Sunday, February 17, 2013
Krypts - Unending Degradation 
The first time I was introduced to Krypts, which was some time ago, when their 2009 demo ''Open The Crypt'' unexpectedly triggered the massing of a gigantic Finnish underground reserve for pungent, cave-dwelling old school death metal with blatantly gargantuan doom metal interpretations, and four years after the beginning of their chasm exploration, the Finns return with a hulking, and quite literally ''degraded'' debut full-length, which, from the eyes of current heavy metal enthusiasts, can only be regarded as an unashamed aping of an over-saturated cliche that modern pundits such Disma, Funebrarum, Cruciamentum and Ignivomous have already amply exposed us to. Despite whatever gripe one would hold against this seemingly endless flood of hollow death metal, and yet another icon to represent its sheer trendiness, I personally did not find the redundancy of ''Unending Degradation'' to be a deteriorating aspect, and with some experience behind their monstrous, cavernous regime these Finns have certainly put together a record that channels both nostalgia and a somber, though not modern, emphasis on death metal that was popularized by the aforementioned groups.
''Unending Degradation'' commences as any other cavernous death metal band could, starting off with doomy motifs and then unfolding with all of the tenuous, tremulous riffs it bears inside its numbing 40 minute burden. Like their fellow label-mates Anhedonist, they can keep the listener intrigued throughout most of the deliverance time, through a sway of basic, yet monolithic chords by simply applying a chock load of reverb and further amplifying effects, though I believe their true nuance lies in their usage of melodious that entwine with the lumbering guitar patterns, all to create a perturbing atmosphere. And surprisingly, they accomplish most of their core aims. Perhaps their goal in using such melodiously resonant lines to flourish their simple patterns was to completely peeve the listener and pummel him/her into quieted submission, and if so, then they've failed for the most part, as even rookie ears would able to overcome the bludgeoning heft and atmospheric tendencies of this record, but again, they were probably just busy resuscitating the remnants of Funebrarum and Incantation on this one. Krypts seem almost completely devoted to death/doom, rather than the more occasional aggressive death metal motif, which could be a pro or con depending on your stance. They're just bashing the cavernous interiors of dismal caves and crevices with blunted clubs and hammers with the momentum of a drunken caveman, so don't expect to be fluctuated in between moments of complexity and intensity; but then again, you probably know what you're up against, right?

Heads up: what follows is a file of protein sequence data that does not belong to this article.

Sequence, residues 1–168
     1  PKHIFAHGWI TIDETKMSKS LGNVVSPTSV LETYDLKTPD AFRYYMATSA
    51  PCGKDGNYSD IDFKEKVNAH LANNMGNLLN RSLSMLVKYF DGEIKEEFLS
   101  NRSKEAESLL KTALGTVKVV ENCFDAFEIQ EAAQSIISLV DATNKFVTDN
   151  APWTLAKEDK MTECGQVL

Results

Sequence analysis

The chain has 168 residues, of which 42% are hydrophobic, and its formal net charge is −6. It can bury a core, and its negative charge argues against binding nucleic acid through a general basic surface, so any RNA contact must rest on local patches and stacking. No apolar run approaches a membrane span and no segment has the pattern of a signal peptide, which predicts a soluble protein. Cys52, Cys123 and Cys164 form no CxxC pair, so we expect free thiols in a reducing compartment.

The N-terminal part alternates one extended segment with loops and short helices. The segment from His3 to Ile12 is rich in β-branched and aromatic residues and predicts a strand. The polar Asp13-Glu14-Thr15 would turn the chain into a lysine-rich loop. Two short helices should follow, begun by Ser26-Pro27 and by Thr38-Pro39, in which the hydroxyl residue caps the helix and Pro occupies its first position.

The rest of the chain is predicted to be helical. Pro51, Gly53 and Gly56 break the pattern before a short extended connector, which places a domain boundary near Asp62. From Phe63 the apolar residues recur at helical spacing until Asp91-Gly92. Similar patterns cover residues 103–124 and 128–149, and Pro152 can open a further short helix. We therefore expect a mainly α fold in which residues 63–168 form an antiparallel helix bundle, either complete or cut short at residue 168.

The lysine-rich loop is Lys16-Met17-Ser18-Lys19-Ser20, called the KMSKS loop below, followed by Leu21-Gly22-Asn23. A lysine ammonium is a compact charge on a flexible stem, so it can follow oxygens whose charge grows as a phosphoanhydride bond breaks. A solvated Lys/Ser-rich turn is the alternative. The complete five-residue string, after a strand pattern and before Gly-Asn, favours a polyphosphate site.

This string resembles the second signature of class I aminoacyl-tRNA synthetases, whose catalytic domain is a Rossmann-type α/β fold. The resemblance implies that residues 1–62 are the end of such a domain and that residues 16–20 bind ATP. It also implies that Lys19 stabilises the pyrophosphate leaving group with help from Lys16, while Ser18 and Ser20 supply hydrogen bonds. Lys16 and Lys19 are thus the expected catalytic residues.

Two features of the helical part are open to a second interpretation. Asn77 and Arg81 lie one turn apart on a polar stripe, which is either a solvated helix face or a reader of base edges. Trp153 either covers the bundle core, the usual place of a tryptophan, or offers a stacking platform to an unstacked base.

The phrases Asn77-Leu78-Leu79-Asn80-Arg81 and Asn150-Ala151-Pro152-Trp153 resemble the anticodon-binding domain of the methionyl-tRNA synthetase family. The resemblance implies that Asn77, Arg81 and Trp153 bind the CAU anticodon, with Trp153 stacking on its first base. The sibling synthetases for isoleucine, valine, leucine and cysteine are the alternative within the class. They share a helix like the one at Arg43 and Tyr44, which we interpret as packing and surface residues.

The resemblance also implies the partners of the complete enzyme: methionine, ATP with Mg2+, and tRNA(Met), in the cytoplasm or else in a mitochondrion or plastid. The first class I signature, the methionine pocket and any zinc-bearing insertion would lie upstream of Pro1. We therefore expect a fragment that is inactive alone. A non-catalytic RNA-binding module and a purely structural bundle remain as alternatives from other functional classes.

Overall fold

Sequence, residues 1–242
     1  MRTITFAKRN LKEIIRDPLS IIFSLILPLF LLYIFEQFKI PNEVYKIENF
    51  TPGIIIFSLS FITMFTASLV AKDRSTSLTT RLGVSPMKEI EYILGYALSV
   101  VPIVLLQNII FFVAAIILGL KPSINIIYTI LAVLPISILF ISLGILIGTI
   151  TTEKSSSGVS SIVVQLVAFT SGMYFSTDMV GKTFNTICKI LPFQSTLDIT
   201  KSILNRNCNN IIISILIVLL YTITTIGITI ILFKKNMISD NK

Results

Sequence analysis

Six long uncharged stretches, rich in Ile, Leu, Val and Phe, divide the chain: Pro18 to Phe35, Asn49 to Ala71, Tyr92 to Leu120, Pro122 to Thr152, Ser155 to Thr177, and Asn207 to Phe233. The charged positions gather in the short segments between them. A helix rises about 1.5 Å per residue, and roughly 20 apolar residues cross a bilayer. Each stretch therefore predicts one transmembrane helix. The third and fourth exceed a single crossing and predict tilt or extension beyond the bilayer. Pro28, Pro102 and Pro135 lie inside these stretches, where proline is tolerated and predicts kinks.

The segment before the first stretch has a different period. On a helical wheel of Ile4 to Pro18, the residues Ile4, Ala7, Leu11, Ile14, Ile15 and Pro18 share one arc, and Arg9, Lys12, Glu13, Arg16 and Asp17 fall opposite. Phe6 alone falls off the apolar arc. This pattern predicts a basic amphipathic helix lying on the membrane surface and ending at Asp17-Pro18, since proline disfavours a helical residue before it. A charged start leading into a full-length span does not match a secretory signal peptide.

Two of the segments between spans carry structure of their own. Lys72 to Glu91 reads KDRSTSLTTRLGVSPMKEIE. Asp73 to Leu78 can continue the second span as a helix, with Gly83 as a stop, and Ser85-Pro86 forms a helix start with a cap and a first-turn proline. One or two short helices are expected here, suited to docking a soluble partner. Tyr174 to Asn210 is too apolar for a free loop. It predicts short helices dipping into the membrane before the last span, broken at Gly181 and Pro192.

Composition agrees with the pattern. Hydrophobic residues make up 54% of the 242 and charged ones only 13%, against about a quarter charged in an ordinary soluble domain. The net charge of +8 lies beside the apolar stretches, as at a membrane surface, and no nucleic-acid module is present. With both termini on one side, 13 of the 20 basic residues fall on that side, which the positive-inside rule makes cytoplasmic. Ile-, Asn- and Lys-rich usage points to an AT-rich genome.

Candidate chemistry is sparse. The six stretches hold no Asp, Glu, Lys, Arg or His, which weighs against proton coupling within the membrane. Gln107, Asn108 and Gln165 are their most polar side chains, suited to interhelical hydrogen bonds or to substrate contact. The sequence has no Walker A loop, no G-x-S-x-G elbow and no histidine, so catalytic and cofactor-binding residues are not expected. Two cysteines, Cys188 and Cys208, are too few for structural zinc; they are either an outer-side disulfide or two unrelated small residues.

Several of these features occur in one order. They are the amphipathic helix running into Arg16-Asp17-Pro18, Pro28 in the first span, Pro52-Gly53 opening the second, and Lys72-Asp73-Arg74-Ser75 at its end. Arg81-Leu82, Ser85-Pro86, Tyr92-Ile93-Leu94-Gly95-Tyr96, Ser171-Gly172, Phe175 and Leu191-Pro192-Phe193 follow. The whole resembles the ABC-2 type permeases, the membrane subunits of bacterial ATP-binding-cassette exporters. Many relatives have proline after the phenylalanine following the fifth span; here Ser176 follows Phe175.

Bludgeon and resonance are the keys to Krypts. But even though they're entangled in this murky aesthetic that has reached its peek in popularity, Krypts don't send a banal wave of repeating, massive guitars to the listener, unlike many of their peers. Yes, I'm sure you're not going to find this the most fun experience you've had in years, a pendulous flood of megalithic guitars led by fiendish, low-register gutturals that like to dwell in the utmost depths of you local cave, and yes, I know they're somewhat taking a risk here now that the sub-genre has taken a route towards the redundant, but I think you'll still find yourself in fairly good hands while listening to Krypts; they reek heavily of nostalgia, they're heavy as fuck, have a discordant appeal to them, and they'd sure as hell attract doom metal fans of the olden sort, so don't be a cunt, give this a try, you won't suffocate, I swear (that last notion may not be fully correct). Monstrous hymns galore.
Dormacy Of The Ancients
The Black Smoke